That’s why the vast majority of Americans oppose abortion as a means of birth control or sex selection. Most of us also oppose unlimited access to abortions for teenagers, recognizing that teens are unlikely to be mature enough to make such a life decision on their own. Importantly, most Americans do not oppose giving teens access to abortion; they merely want the state to ensure that teenage girls consult with their parents and obtain counseling to help them cope with the trauma. Most Americans are opposed to partial-birth abortions, in which a near-term fetus is partially delivered before the abortion takes place.

Survey data collected in 1987 by the Guttmacher Institute suggest that a high percentage of abortions are performed for “social” rather than medical reasons. The Institute found that among a group of nineteen hundred women who had had abortions, only 6 percent cited potential health problems of themselves or the baby as determining factors in their decisions. Only 1 percent cited rape or incest as the reason. In the vast majority of cases, according to the survey, women had abortions because they had relationship problems with the father or couldn’t afford the baby at the time or weren’t ready for the responsibility of raising a child. The Institute estimated that 1,559,100 abortions were performed in 1987. According to the survey data, fewer than 150,000 of these abortions were performed on women who reported what most Americans would consider “hard cases,” such as rape, incest, or potential health complications for the woman or child. (This is the only year so far in which the Institute has conducted such a survey.)

Overall, most Americans have a strong commitment to maintaining access to abortion but are opposed to the use of abortion in many of its particulars. When it comes to the right to abortion as an abstraction, the vast majority of Americans support it. When most Americans evaluate abortion on a case-by-case basis, ambivalence grows. Many Americans tell pollsters they are personally opposed to abortion but nevertheless support the right of others to obtain the procedure. We suspect that most Americans secretly harbor “there but for the grace of God go I” sentiments about abortion. We also suspect that a sizable majority of Americans have, at one time or another, placed themselves in a situation in which the need for an abortion might have arisen. That’s a powerful psychological subtext in this issue, one that sets abortion apart from all other public policy issues. It’s one of the many unique characteristics of the abortion debate, and one that makes its resolution particularly difficult.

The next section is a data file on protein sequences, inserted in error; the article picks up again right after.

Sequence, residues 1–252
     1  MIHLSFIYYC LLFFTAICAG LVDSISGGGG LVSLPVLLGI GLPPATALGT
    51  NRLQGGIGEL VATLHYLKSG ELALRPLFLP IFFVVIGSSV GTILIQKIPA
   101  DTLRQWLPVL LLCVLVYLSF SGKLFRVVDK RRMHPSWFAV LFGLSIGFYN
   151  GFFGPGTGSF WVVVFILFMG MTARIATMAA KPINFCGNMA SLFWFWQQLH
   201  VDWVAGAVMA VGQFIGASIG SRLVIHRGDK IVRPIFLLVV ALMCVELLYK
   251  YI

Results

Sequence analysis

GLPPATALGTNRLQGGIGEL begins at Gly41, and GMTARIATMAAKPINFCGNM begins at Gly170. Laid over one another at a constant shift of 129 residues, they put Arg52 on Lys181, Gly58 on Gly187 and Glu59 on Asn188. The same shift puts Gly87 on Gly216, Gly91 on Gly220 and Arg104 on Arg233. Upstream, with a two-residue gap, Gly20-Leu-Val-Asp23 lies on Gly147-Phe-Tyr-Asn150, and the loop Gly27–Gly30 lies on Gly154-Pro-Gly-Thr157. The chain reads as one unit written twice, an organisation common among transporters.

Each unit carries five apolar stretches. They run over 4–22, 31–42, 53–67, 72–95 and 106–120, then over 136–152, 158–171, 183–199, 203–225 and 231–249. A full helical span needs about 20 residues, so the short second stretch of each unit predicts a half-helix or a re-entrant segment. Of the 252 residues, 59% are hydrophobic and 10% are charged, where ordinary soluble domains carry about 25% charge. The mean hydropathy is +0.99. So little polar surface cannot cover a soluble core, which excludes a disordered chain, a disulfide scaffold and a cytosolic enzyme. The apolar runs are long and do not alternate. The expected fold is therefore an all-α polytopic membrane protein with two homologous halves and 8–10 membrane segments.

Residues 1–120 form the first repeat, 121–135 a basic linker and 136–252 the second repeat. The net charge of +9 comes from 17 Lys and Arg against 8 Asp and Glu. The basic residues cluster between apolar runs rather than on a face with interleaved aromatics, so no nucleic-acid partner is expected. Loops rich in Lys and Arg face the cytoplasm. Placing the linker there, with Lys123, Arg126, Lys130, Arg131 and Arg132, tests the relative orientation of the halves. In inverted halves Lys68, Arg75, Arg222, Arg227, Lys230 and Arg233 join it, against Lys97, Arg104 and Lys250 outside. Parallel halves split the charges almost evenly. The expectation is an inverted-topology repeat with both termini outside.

We believe that the public’s ambivalence about abortion should compel pro-choice and pro-life forces to craft a public policy that reflects this ambivalence, and to build a consensus in the nation on the role abortion plays in a civil society. There is a crying need for pro-choice and pro-life forces to send a unified message to women and men across the country that we all have a responsibility, to ourselves and society, to avoid unwanted pregnancies and the abortions they needlessly precipitate.

Read More Show Less

Table of Contents

Introduction: Political Lies: A Self-Defense Manual 1
The First Lie: The Abortion Debate Matters 12
The Second Lie: Gun Control Reduces Crime 31
The Third Lie: Religion and Politics Don't Mix 46
The Fourth Lie: Immigration Hurts America 60
The Fifth Lie: All Politicians Are Corrupt 75
The Sixth Lie: Money Buys Elections 92
The Seventh Lie: Fat Cats Are the Problem 113
The Eighth Lie: The Budget Will Be Balanced by the Year 2002 132
The Ninth Lie: Social Security Is a Sacred Government Trust 146
The Tenth Lie: Medicare Works 160
The Eleventh Lie: Tax Cuts Are Good 174